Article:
Mangos, Pumpkins, Saffron, Ginger


Not very long ago, Wendy spun up the most beautiful orange roving. You can see it in all its splendor here.

If you swing by my blog, with any regularity, you know that I'm not terribly drawn to warm colors, as a general rule. Blues, greens, and purples dominate over all other colors. It's not that I don't love a wide variety of colors, its just that, given a choice, I stay in my color comfort zone and stick to shades I know look good on me and that I love looking at. But this orange had me smitten. So I headed on over to Nistock Farms, where Wendy had gotten her roving, and I got myself 8 delicious ounces of Autumn Spice.

It arrived last night and I didn't even shed my heels and suit before I was spinning away. We reached the front door at 6pm, by 7:30, I had spun, plied, washed and set to dry 26 yards of handspun.

Since these pictures were taken around 3:30 AM (I'm having me a little bout of insomnia, thanks for asking) there is no proper lighting. I think, all things considered, the pictures are fairly representative of the color overall, but they don't really capture some of the beautiful subtleties of the shade. It's mostly a lovely pumpkin color, with shades of a soft pink, some grey and yellow. The overall effect is amazing.

The wool is definitely not as soft as, say, a merino or alpaca, but I love it and it spins surprisingly easily on my little 0.9 oz spindle.

In addition to the 8ozs of Autumn Spice, I also got myself 4oz of the Fudge Brownie shade you'll find on the same page. I haven't even begun to spin that.

To all of you spinners out there, I'm starting to find myself overflowing with roving. I have absolutely no issues with this. I am wondering, though, what is the best way to store the stuff to avoid any problems with it as it waits for my little spindles to spin it up? It's relatively warm and dry here in LA, though I live within a very short distance of the ocean.

How do you make your knits look great?


Put a baby in them.

Jess said I could post pictures of her little one making my Dragon Hoodie look almost too cute to bear.

If you think that's cute, check out the other pictures, after the bump.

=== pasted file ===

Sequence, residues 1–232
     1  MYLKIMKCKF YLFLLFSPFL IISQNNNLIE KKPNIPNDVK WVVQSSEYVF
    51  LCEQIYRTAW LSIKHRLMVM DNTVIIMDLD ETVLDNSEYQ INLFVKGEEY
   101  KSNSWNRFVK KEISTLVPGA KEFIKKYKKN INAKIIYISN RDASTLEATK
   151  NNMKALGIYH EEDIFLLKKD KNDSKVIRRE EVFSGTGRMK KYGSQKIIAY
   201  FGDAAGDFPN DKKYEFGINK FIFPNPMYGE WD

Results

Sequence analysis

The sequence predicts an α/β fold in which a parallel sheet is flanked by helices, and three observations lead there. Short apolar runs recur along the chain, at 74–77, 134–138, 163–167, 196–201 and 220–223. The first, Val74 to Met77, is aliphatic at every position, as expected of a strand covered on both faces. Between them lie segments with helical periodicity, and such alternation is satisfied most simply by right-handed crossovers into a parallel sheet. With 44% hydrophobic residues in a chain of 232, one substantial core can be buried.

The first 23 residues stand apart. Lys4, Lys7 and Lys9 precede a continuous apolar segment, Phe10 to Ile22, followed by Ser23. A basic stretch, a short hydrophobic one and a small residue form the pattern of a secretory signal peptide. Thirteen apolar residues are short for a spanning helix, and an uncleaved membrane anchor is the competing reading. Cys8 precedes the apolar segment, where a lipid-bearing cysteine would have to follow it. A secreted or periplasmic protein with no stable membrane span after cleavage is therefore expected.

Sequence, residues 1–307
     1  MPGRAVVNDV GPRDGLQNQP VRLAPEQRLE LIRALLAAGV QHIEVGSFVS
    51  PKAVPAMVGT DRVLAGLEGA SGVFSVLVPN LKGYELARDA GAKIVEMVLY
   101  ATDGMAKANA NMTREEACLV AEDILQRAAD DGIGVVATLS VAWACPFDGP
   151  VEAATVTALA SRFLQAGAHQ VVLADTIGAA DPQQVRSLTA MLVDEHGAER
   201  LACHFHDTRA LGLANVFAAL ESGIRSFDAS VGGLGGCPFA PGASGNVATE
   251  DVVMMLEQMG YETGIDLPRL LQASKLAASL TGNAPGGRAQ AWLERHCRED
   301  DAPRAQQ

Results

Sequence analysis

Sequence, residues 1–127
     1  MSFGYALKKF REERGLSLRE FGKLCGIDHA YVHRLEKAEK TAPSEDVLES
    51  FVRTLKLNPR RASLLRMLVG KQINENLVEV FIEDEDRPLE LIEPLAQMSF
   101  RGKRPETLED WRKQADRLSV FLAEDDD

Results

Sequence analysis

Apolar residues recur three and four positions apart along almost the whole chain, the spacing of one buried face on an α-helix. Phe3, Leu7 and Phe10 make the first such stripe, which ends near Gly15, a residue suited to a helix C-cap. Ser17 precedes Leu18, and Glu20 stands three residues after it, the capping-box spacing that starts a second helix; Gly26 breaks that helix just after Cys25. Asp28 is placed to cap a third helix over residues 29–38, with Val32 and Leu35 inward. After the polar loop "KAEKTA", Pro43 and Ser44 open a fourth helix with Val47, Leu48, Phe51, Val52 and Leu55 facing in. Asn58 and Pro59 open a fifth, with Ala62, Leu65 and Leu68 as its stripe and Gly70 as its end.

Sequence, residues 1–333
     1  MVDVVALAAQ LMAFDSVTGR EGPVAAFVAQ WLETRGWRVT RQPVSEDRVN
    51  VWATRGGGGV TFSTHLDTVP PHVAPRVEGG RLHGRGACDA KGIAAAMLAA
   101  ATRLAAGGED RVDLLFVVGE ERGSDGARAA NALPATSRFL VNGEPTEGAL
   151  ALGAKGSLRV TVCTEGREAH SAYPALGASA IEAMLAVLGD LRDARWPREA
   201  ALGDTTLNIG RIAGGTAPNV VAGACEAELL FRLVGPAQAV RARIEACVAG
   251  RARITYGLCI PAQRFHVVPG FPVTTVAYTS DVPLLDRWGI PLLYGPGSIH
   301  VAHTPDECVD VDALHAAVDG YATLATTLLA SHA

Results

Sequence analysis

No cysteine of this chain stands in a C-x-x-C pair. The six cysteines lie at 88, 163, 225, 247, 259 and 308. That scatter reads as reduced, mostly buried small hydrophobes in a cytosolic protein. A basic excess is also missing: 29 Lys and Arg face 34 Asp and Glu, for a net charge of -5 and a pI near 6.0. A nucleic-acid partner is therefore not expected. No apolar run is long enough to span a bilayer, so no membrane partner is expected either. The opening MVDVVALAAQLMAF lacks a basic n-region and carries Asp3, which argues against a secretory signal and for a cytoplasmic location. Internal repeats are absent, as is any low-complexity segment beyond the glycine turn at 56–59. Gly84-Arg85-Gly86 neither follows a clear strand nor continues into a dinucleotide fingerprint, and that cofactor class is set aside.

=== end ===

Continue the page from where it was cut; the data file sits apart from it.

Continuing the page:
Spin spin spin


As I reported before, almost all my knitting has been on my stealth project so I can only entertain you with spinning, for now. I hope that those of you who aren't spinners aren't too bored with it all.

After such success with my soy silk roving worked on my 0.6 oz spindle, I thought I should try it on some of my other roving.

The result is about 52 yards of two ply Lace to DK weight yarn.

More yarn porn after the bump

Shine your light on me


Well, I found a couple minutes to snap a photo of my knit handspun. There's a big old window near a couple of empty work stations, in my area, and since I get to work so early, there was no one to ask, "Marnie, why are you taking pictures of a band-aid sized piece of knitting, at the office?"

Here is a picture that shows how textural the stitch is.

And this shows, fairly nicely, what the stitch really looks like.

The handspun has proven to knit up much better than I could hope. There's a gradual transition from one dominant color to the next and a subtle second color that acts like a highlight.

Here's my knitting enjoying the view. If you were able to look right, up a steep hill and into the "nice" part of town, you could also see where Leo works.

Many of you have asked about the stitch. It's the same stitch used in this cardi from Vogue Knitting

I've found a couple variations in my Harmony Guides. They refer to this one as "Star Stitch II"

I really like this stitch because of its versatility. Worked on larger needles and blocked out, it produces a lovely flower like lace stitch. Worked tightly on smaller needles, you get a great textural stitch that doesn't curl and is just unusual enough to catch peoples' attention.

The stitch is worked as follows.

With a multiple of 4+1
Star: P3 tog, but leave old stitch on left needle, yo, P same 3 stitches together, removing the old stitch from the left needle.
Rows 1 and 3: Knit
Row 2: *k1, star stitch* repeat to last stitch, k1
Row 4: k1, p1, *k1, star stitch* repeat to last 3 stitches, k1, p1, k1

Actually, I knit it slightly differently, because I knit in the Combined method, which means my knit stitches sit differently. I essentially reverse the pattern. I Purl the odd rows and I work purls between the stars and work the stars with k3togs, only, because of the way my stitches sit, it's like I've done an SSSK. I'm not sure that's actually of any interest to anyone, but there you go.

Watching sausage being made


I really want to show you images of the handspun I've been knitting. What is my problem? Lighting. I get up at 4:30 am to blog, and I've spent an hour trying to get a decent picture. It's not light out when I'm home, this time of year. While I've certainly offered my fair share of crappy photos, I genuinely do strive to have something decent to show you.

There are some bloggers who just never seem to have bad pictures up. They tend to photograph their pictures in natural light to ensure that everything looks beautiful.
I am not these bloggers, nor any of the others, who, ifI weren't so sleepy, I'd remember. Nope, I take pictures when I am ready to blog and light be damned! But it doesn't mean I don't lament my crappy photos. This morning, I took my soy silk yarn on a field trip around the house in hopes of finding a decent shot.

Go on the adventure, after the bump.

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